The Future of Machine Translation

It’s an exciting time for translators indeed, with December 2017 seeing the launch of two AI systems able to teach themselves any language. According to Global Market Insights, the translation industry will have a $1.5 billion net worth by 2024, with “the ability to translate different languages according to customer preferences and the lack of existing translator for several specialized fields and language combinations providing tremendous growth opportunities for the industry.” This is good news both for individual translators and translator tech developers. Both will be called upon to deliver increasingly specialized translation solutions to fulfil an ever-growing global demand.

Technology does not Aim to Replace Translators

Before delving into the machine translation systems that will be dominating the industry, it is important to understand that these systems are not meant to replace human translators. For example, Korea has one of the highest robot populations in the world and hardly 0 unemployment. Higher automation creates more “human” and better cognitive jobs. Translation continues to be an attractive profession that is directly in line with the millennial demand for online-based income sources. The annual mean wage for this profession stands at around $45,910, though salaries can be considerably higher. The spirit behind new technology is one of co-existence and of easing the burden of translators working on large volumes.

The Global Machine Translation Market – Forecasts from 2018 to 2023 Report

This report delves into market dynamics, global machine translation, and competitive intelligence. It identifies four major technologies that will be influencing the global machine translation market: statistical machine translation, rule-based machine translation, hybrid machine translation, and neural machine translation. Its authors note that “The major factors driving the market are the growing volume of big data, the need for cost effective translation, and increasing online content. Moreover, globalization is raising the demand for location based content across various industry verticals such as electronics, travel, e-commerce and hospitality.”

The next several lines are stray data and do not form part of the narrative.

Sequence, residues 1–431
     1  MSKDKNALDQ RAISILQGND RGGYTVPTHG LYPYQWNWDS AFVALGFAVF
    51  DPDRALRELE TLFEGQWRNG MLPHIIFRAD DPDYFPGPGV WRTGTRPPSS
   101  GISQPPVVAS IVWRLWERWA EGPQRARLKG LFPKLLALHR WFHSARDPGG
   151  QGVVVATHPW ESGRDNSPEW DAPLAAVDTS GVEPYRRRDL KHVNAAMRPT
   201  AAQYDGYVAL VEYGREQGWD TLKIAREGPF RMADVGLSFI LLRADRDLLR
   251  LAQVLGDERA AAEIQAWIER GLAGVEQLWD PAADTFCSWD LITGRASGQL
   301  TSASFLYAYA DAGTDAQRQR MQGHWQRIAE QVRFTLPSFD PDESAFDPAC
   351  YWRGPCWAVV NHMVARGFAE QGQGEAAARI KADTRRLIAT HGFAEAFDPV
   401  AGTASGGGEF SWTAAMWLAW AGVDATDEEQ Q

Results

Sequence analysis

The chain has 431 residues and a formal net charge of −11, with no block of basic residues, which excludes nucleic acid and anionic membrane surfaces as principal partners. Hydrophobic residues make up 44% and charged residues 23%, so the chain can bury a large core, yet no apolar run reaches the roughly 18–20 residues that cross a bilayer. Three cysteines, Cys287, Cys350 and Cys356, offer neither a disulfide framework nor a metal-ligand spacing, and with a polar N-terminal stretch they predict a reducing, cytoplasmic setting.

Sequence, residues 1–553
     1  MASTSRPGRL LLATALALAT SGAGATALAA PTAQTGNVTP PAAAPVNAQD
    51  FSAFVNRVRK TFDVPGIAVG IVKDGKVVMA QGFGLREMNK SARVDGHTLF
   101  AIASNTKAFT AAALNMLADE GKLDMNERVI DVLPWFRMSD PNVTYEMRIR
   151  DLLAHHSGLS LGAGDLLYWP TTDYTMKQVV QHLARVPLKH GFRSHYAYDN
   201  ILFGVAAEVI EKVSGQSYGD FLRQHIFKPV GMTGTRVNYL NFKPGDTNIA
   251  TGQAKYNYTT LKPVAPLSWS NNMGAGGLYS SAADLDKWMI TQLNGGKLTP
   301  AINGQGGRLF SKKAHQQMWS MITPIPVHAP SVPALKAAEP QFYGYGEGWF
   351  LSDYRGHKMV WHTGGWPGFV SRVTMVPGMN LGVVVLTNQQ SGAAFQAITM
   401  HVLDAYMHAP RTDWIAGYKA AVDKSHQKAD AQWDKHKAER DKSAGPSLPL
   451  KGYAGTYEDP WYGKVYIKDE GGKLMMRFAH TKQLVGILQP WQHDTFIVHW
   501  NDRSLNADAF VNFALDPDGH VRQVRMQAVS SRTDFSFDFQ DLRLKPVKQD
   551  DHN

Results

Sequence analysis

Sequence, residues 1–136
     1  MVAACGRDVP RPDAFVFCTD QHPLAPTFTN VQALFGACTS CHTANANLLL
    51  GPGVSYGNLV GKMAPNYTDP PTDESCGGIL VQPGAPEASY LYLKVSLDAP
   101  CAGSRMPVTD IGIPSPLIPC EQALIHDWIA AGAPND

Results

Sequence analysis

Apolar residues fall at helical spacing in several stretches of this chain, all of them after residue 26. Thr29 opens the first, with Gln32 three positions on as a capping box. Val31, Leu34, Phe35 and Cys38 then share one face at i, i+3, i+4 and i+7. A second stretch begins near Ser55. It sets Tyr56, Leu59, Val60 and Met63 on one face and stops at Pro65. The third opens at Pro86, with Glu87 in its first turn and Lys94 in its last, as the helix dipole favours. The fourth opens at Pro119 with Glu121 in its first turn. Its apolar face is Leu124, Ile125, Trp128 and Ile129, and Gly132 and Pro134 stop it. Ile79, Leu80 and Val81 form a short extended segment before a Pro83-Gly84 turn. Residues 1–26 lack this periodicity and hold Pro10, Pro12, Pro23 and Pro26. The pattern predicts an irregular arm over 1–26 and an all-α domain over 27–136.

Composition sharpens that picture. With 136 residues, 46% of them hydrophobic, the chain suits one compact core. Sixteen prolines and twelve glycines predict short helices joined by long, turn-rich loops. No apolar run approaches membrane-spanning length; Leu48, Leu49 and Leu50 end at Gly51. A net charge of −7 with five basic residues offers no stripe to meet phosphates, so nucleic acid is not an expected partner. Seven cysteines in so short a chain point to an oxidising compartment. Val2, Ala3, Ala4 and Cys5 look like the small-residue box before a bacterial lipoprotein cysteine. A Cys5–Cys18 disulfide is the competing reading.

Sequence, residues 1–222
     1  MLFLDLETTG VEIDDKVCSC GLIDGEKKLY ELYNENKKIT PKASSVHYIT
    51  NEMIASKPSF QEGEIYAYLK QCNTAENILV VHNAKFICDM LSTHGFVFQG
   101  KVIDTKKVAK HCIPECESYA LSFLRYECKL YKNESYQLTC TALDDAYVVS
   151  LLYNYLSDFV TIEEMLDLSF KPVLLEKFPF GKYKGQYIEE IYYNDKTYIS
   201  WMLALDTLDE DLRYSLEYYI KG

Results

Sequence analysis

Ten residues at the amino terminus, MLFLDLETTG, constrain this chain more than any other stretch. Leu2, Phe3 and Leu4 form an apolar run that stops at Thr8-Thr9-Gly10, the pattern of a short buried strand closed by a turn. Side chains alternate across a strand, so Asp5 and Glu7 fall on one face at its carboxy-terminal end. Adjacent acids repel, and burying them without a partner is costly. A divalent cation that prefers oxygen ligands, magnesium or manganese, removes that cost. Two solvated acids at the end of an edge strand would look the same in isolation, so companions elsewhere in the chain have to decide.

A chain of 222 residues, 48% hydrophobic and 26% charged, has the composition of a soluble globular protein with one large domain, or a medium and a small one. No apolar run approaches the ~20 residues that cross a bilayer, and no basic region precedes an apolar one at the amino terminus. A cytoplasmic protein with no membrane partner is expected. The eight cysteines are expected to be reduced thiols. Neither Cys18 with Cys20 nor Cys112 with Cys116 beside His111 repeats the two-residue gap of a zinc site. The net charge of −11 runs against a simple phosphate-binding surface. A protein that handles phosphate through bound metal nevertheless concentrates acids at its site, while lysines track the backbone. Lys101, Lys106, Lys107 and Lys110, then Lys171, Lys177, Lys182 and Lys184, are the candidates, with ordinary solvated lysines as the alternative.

Neural Machine Translation (NMT)

This is the latest approach in industry and the closest related to artificial intelligence. It reduces the post-editing effort thanks to its focus on fluency. In many ways, it is an “ultra-statistical” approach, with several layers processing the information and nodes passing on information and ensuring accuracy. It has been called neural as the way layers and nodes work resembles very much the way neurons work in humans (and mammals in general). There are three interesting features that Neural Machine Translation can offer. Some of its features help it understand the similarities between words, analyze entire sentences, and evaluates the fluency of a sentence in the target language by analyzing a few words at a time. NMT is just one of many exciting ways to elicit more natural, fluent sounding translations in the target language. In fact, academia is still struggling to understand what happens inside the “black box” once the neural network starts to train. The “conclusions” are pretty amazing and sometimes surprisingly accurate when it comes to human language processing because of the number of calculations, weights, gradients applied and attention models, even between non-related languages and languages with a rich morphology.